June and July mark the start of the age-old migration of tarpon to our blessed waters. This is truly a special place, rivaled only by Boca Grande in numbers.
But instead of a courteous and balanced fishery, it is becoming a quagmire of self-interest and “me first” childish excess. I am speaking to the chummers of Bean Point, and the fishermen who feel they have to anchor in the pass and throw gallons of threadfins to get a tarpon. I get it that you have to make a living, but you don’t own the pass or the fish.
This pass has been fished a certain way for many years, where people were courteous and unspoken rules were followed — but no more. It is now about getting as many fish behind the boat and away from everyone else’s. It’s about keeping schools fed and happy behind a few boats. This is not sporting; it doesn’t even look like fun.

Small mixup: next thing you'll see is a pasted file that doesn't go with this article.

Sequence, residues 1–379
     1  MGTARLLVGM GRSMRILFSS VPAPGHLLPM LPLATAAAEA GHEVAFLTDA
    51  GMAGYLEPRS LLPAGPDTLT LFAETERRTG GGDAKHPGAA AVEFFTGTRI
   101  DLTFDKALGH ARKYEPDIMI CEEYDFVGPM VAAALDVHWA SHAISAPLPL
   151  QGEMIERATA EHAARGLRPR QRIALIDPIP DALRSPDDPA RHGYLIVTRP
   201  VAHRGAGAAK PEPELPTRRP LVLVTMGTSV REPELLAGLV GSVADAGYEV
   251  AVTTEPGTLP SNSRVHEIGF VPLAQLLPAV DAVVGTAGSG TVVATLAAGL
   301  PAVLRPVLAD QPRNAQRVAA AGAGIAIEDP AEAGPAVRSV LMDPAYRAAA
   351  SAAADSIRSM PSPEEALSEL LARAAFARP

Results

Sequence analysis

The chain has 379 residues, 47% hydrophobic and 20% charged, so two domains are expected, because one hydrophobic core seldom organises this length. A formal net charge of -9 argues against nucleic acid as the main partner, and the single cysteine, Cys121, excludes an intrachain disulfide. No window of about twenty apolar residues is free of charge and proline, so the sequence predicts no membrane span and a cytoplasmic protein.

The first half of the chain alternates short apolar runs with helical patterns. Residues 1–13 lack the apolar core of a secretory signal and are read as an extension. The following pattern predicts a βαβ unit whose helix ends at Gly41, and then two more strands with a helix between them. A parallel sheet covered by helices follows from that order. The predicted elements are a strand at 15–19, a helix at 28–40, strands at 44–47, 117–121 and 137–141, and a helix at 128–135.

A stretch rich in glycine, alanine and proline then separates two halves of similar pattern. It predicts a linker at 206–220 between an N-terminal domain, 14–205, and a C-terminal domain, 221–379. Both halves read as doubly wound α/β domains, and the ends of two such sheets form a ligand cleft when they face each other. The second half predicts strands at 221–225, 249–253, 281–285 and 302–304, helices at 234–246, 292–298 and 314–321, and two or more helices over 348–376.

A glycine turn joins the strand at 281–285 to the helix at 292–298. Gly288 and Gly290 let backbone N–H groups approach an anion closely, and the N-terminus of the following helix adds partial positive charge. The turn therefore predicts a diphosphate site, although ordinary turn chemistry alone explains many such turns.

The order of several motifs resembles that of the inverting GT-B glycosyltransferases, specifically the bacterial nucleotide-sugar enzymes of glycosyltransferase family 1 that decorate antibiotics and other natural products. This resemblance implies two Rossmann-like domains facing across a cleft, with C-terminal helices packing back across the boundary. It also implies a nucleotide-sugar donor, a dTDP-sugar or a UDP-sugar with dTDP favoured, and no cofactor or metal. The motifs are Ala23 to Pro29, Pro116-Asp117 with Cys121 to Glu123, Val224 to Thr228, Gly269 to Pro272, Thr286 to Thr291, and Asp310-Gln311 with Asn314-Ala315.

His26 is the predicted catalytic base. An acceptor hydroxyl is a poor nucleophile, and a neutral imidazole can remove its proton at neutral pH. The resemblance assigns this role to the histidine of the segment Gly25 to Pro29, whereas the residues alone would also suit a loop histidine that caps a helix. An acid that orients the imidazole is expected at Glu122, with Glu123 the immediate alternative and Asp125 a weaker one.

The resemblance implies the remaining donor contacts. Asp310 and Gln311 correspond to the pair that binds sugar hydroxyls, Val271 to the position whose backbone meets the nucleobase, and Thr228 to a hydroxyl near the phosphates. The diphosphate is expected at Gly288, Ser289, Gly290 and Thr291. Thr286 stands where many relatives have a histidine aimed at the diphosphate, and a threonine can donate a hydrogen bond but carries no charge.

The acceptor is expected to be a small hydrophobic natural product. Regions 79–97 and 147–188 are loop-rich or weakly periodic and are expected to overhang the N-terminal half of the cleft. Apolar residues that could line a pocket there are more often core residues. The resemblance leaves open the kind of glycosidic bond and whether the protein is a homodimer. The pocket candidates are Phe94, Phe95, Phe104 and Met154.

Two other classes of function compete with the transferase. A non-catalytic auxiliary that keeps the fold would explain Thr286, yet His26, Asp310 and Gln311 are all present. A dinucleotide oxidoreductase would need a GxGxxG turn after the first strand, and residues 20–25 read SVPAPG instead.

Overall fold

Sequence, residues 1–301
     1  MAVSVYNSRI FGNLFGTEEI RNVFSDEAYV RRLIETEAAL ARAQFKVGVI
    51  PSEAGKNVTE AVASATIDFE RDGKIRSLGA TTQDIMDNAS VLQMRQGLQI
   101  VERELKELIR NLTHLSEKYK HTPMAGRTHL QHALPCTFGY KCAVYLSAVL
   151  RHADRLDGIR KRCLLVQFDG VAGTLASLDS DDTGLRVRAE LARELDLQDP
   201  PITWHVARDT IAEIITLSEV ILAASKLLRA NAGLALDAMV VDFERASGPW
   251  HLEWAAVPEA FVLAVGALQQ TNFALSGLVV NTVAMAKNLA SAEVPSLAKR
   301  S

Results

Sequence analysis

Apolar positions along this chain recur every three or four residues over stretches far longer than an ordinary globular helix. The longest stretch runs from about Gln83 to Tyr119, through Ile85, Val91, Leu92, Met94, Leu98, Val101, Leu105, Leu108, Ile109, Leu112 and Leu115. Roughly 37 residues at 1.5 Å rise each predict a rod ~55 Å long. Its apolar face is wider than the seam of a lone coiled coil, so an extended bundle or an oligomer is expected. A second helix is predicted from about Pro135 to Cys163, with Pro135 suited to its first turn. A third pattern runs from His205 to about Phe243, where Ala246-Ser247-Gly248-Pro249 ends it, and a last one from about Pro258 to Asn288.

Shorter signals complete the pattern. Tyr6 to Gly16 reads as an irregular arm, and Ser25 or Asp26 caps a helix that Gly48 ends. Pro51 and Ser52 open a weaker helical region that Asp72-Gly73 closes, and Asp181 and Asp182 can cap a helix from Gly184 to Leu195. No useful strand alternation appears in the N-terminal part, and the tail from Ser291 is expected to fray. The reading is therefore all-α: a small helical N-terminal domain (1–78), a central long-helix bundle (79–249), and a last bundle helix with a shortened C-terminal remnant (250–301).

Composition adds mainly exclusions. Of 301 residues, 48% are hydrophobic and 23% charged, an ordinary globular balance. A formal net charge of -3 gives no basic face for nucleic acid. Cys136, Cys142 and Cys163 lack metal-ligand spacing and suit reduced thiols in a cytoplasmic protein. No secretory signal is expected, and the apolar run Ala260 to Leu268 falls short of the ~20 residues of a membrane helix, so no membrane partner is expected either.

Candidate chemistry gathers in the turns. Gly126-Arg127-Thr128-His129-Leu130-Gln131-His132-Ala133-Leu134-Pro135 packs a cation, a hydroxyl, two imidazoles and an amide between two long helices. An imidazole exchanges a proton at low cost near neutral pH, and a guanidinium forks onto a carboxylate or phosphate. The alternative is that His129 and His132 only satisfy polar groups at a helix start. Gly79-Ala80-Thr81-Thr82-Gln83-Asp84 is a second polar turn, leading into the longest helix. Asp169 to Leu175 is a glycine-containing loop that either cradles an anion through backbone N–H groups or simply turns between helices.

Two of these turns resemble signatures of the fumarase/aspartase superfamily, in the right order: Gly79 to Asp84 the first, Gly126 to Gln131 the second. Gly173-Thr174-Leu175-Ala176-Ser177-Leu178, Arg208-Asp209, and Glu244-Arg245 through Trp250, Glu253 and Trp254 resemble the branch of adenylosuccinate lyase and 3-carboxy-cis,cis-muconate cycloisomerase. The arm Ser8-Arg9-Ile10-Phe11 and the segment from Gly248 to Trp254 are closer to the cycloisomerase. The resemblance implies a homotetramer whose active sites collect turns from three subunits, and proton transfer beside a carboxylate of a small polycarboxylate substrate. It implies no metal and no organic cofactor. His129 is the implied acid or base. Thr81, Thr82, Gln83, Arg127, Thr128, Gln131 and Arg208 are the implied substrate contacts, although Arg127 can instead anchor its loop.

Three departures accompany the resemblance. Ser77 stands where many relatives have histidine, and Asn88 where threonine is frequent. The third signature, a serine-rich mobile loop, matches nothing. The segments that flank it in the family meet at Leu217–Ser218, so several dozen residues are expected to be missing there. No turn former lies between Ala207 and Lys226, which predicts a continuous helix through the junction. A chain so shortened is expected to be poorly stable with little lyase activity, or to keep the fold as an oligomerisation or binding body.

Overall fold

The correct way to fish Florida's passes for tarpon is the drift method, where all people get an equal chance in the strike zones, motor way out around and back into line. This can be done with crabs, threadfins and dead bait, and give a more realistic presentation.
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Let’s let Boca Grande and Egmont be the model we follow. Not this mess, where a hundred boats sit all day in the pass, dump a thousand gallons of dead bait and drink beer all day.
Real Floridians drift the pass, not clog it.